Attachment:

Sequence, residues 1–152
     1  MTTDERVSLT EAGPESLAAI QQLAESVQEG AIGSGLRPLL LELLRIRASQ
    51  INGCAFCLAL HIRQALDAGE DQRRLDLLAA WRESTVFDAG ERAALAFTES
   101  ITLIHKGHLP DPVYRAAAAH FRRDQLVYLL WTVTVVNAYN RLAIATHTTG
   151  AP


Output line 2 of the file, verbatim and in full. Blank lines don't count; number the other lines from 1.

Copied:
     1  MTTDERVSLT EAGPESLAAI QQLAESVQEG AIGSGLRPLL LELLRIRASQ